MOSCOW — Russia on Thursday launched weeklong war games involving forces from China and other nations in a show of growing defense cooperation between Moscow and Beijing as they both face tensions with the U.S.
The maneuvers are also intended to demonstrate that Moscow has sufficient military might for massive drills even as its troops are engaged in military action in Ukraine.
The Russian Defense Ministry said that the Vostok 2022 (East 2022) exercise will be held until Sept. 7 at seven firing ranges in Russia’s Far East and the Sea of Japan and involve more than 50,000 troops and over 5,000 weapons units, including 140 aircraft and 60 warships.
Russian General Staff chief, Gen. Valery Gerasimov, will personally oversee the drills that will involve troops from several ex-Soviet nations, China, India, Laos, Mongolia, Nicaragua and Syria.
The Defense Ministry noted that as part of the maneuvers, the Russian and Chinese navies in the Sea of Japan will “practice joint action to protect sea communications, areas of marine economic activity and support for ground troops in littoral areas.”
The drills showcase increasing defense ties between Moscow and Beijing, which have grown stronger since Russian President Vladimir Putin sent his troops into Ukraine on Feb. 24. China has pointedly refused to criticize Russia’s action, blaming the U.S. and NATO for provoking Moscow, and has blasted punishing sanctions imposed on Moscow.
Russia, in turn, has strongly backed China amid the tensions with the U.S. that followed a recent visit to Taiwan by U.S. House Speaker Nancy Pelosi. Putin has drawn parallels between U.S. support for Ukraine and Pelosi’s trip, describing them both as part of alleged efforts by Washington to foment global instability.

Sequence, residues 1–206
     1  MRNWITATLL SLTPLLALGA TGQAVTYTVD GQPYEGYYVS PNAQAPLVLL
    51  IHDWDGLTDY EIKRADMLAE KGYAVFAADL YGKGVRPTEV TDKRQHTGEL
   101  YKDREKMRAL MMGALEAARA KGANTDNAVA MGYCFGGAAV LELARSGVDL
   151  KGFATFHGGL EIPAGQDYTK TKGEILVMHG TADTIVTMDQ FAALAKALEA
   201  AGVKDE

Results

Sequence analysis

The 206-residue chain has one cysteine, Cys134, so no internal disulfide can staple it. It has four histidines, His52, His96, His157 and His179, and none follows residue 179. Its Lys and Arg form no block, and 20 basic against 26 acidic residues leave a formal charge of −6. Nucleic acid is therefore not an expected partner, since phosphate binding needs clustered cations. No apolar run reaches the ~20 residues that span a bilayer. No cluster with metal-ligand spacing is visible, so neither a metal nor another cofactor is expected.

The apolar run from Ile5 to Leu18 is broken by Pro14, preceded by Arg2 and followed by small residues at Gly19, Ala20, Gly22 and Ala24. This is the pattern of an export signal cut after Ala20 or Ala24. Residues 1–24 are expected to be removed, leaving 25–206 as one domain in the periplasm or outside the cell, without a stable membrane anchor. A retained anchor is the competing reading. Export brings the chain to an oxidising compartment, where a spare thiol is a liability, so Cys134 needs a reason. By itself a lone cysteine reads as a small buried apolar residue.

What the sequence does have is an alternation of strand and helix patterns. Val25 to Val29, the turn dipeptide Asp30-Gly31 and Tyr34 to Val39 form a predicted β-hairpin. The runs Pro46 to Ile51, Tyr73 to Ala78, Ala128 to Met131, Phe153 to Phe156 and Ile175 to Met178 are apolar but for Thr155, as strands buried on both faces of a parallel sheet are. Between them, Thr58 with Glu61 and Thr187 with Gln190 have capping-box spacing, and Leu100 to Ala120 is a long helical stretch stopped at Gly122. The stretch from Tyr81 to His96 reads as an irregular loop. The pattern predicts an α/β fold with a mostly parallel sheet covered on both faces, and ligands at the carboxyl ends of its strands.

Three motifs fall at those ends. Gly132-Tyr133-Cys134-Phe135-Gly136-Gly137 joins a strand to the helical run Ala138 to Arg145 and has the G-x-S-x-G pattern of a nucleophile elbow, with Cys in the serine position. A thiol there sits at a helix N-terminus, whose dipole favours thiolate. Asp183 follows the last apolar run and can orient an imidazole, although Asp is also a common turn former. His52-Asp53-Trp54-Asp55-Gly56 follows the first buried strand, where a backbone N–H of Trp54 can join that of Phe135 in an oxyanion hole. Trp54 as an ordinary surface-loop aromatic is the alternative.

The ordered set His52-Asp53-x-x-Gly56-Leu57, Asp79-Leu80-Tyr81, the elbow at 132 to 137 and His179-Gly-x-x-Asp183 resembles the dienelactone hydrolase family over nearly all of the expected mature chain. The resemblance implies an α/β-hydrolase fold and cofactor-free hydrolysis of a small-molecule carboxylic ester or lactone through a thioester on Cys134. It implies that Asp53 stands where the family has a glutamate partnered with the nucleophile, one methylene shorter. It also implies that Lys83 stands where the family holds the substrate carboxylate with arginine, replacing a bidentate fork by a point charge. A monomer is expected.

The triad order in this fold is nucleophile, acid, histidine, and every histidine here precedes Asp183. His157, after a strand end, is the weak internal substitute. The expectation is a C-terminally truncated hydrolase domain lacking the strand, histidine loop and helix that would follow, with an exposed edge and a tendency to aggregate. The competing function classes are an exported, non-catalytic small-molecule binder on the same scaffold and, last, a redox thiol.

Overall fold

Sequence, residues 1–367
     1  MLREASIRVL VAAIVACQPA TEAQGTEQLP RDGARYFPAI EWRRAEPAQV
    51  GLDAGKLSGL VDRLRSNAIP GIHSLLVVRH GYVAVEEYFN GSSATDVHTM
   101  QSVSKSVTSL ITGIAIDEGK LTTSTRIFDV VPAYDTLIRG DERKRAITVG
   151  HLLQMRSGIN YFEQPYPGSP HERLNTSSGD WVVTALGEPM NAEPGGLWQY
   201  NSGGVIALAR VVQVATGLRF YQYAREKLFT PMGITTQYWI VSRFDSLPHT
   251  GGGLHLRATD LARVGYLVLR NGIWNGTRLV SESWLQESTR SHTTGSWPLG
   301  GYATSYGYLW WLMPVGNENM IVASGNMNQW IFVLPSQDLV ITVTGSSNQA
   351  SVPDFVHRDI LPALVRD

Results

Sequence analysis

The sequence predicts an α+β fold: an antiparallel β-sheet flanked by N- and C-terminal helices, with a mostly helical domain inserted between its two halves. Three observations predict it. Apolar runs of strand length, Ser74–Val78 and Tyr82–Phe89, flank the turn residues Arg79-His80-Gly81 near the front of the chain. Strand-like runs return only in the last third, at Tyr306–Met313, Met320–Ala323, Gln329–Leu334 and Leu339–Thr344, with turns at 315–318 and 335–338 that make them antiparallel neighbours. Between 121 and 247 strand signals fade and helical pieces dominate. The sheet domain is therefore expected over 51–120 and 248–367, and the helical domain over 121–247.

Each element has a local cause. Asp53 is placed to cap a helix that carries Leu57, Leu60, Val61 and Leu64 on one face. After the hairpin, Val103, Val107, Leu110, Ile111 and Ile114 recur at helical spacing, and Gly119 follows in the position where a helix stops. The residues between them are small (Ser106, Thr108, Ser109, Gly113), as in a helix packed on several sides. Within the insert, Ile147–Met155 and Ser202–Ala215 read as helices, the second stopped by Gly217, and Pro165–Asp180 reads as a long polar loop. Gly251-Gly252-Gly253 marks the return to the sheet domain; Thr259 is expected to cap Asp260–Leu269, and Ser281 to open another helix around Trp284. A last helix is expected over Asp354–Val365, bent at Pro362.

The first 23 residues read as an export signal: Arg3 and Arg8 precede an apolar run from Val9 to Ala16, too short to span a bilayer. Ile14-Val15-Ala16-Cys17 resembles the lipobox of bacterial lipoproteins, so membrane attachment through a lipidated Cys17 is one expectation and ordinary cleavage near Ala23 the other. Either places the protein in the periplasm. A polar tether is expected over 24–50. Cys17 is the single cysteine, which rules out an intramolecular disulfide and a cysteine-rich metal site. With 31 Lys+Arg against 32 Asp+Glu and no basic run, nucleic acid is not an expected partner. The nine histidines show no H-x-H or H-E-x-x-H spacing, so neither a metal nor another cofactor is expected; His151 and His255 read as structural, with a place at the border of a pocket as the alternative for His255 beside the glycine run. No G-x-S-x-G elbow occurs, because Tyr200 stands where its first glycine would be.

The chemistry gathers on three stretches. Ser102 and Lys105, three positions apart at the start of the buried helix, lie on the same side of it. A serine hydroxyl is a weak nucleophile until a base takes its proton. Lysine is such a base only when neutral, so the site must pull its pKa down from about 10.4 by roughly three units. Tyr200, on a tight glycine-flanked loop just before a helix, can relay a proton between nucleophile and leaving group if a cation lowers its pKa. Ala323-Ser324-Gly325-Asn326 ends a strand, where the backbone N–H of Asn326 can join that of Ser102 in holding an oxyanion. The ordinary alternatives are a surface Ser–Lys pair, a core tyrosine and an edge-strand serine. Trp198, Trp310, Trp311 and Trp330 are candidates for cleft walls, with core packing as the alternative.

Alexander Gabuyev, a political analyst who closely follows Russia-China ties, noted that “it’s very important for Beijing to show to the U.S. that it has levers to pressure America and its global interests.”
“The joint maneuvers with Moscow, including the naval drills, are intended to signal that if the pressure on Beijing continues it will have no other choice but to strengthen the military partnership with Russia,” Gabuyev said. “It will have a direct impact on the interests of the U.S. and its allies, including Japan.”
He noted that the Kremlin, for its part, wants to show that the country’s military is powerful enough to flex its muscle elsewhere despite the campaign in Ukraine.
“The Russian leadership demonstrates that everything goes according to plan and the country and its military have resources to conduct the maneuvers along with the special military operation,” Gabuyev said.
The exercise continues a series of joint war games by Russia and China in recent years, including naval drills and patrols by long-range bombers over the Sea of Japan and the East China Sea. Last year, Russian troops for the first time deployed to Chinese territory for joint maneuvers.
China’s participation in the drills “aims to deepen pragmatic and friendly cooperation between the militaries of the participating countries, enhance the level of strategic cooperation among all participating parties, and enhance the ability to jointly respond to various security threats,” Chinese Defense Ministry spokesperson Col. Tan Kefei said last week.
Putin and Chinese President Xi Jinping have developed strong personal ties to bolster a “strategic partnership” between the former Communist rivals as they both are locked in rivalry with the U.S.
Even though Moscow and Beijing in the past rejected the possibility of forging a military alliance, Putin has said that such a prospect can’t be ruled out. He also has noted that Russia has been sharing highly sensitive military technologies with China that helped significantly bolster its defense capability.
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